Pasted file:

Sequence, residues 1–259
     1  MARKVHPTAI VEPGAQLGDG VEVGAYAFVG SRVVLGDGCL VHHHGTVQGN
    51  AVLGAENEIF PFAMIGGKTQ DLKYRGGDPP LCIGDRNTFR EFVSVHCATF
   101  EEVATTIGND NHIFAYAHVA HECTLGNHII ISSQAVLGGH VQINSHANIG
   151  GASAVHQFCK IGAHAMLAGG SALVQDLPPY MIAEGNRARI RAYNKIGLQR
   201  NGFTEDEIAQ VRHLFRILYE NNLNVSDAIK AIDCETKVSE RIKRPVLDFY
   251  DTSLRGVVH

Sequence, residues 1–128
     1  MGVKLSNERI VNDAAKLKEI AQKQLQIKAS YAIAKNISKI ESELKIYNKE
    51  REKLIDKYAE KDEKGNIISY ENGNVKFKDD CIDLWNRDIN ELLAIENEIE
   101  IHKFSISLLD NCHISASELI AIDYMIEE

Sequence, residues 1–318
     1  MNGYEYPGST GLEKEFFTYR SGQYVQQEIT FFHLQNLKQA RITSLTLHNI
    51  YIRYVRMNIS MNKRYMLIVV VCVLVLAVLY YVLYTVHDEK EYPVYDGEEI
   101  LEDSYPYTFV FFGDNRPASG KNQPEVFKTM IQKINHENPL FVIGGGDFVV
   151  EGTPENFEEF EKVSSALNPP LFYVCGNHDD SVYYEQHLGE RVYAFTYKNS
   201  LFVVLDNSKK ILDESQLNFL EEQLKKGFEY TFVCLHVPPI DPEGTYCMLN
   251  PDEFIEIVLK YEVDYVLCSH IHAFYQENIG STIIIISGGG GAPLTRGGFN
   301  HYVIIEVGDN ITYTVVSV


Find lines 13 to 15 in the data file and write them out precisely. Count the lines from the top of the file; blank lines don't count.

     1  MNGYEYPGST GLEKEFFTYR SGQYVQQEIT FFHLQNLKQA RITSLTLHNI
    51  YIRYVRMNIS MNKRYMLIVV VCVLVLAVLY YVLYTVHDEK EYPVYDGEEI
   101  LEDSYPYTFV FFGDNRPASG KNQPEVFKTM IQKINHENPL FVIGGGDFVV